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Mr. Jackson, If You’re Nasty

By Jeff Koch on May 27, 2012.

The ‘Inside the Huddle’ moments of NBA games are usually fairly innocuous, showing coaches giving tired cliches and non-emotional motivation to the team. This is by design, of course, as the broadcasts can’t actually show any sort of strategy on live TV during the game.

Still, I always get a kick out of hearing Pop mic’d up. And tonight might have been my favorite moment ever inside a huddle, showing Pop telling his team that he wanted some ‘nasty’. Later, much more agitated, he again pushed his team for some ‘nasty’. What a wonderful descriptor, stepping just outside the realm of tired cliche.

And there to provide the nasty: Mr. Stephen Jackson, he who was acquired for this very reason. The quotes since he arrived back on the team have all been the same: he brings an edge to the team. Edge. Nasty. Not a far jump from one to the other. We all knew his time was coming. Even after barely showing up for the series against the Clippers, we all knew that he’d help to swing a quarter, a game, a series…something. And with 12 minutes of inspired play–and just one made basket–he has provided the “edge”, and given Pop his “nasty” (please do not take that quote out of context).

He did it on defense, as anyone who watched the game should know. As Pop said, guarding Durant is a near impossible task. Jackson did about as good as you possibly can. He crowded him, giving him no air space whatsoever, disregarding the occasional foul that would result from it. With Perkins in as the only big, Duncan was allowed to roam the paint, giving Jackson more freedom to take some risks. And while Durant was able to get to the line and get some free points, he made no jump shots in the quarter, and the energy expended trying to get him his looks really shut down the Thunder offense, allowing the Spurs to take control of the game on both ends of the court.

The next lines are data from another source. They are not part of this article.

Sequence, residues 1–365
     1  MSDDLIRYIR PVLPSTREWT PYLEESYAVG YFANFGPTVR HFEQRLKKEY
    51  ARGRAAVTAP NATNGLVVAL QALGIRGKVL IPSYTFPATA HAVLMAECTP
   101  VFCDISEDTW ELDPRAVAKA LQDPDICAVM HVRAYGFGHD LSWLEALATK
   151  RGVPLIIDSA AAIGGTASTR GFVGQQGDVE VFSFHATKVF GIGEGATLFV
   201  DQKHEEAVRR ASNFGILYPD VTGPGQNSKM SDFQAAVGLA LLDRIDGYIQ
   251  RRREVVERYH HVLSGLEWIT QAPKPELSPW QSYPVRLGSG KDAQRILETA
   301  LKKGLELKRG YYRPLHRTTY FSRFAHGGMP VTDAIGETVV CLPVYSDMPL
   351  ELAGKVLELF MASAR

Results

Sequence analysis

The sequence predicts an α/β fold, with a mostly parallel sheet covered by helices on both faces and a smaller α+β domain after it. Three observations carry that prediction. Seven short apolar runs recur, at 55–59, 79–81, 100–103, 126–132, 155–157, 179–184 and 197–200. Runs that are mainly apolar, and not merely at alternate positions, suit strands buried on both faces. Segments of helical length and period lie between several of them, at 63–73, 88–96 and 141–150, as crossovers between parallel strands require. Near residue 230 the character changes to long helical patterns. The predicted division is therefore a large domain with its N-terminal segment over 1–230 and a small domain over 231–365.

Tom Pennington/Getty Images

And lest you read the praise for Jackson as condemnation for Leonard’s D, don’t. Kawhi played great defense on Durant as well. But Jackson brought the edge, the nasty, the energy to the game that Pop wanted, that spread to the rest of the team and gave the Spurs the push and confidence needed to come back and win the game. But looking long-term, we now have two very good defenders to throw at Durant one-on-one, allowing the rest of the defense to mostly stay at home on everybody else, which is huge.

In that 4th quarter, another favorable trend for the Spurs showed up. In crunch-time, the Spurs execution should more often than not win out over the Thunder’s athleticism. The 4th-quarter was a study in the two team’s most basic instincts. Pushed against the wall, where does each team go? The Thunder go to isolation, one-on-one basketball with their best (and all-world amazing) players. But this allows for predictable offense, which allows for sound defense. And outside of trips to the free throw line and some late mostly-meaningless threes, the Thunder took–and missed–a ton of contested jump shots. The shots the Spurs want them to take, by the way.

On the other end of the court, with far less athleticism and sheer talent, the Spurs leaned on execution (and some Manu magic), and ran their offense to perfection (much better than any other quarter of the game). Pick and roll, pick and roll, pick and roll…leading to wide-open lay-ups, and-1s, wide-open 3-pointers, and lots of scrambling defense. If the series can be boiled down to the purest essence of each team, it’s this athleticism vs. execution battle. Execution won Round 1; the way the Spurs are playing, I like its odds moving forward.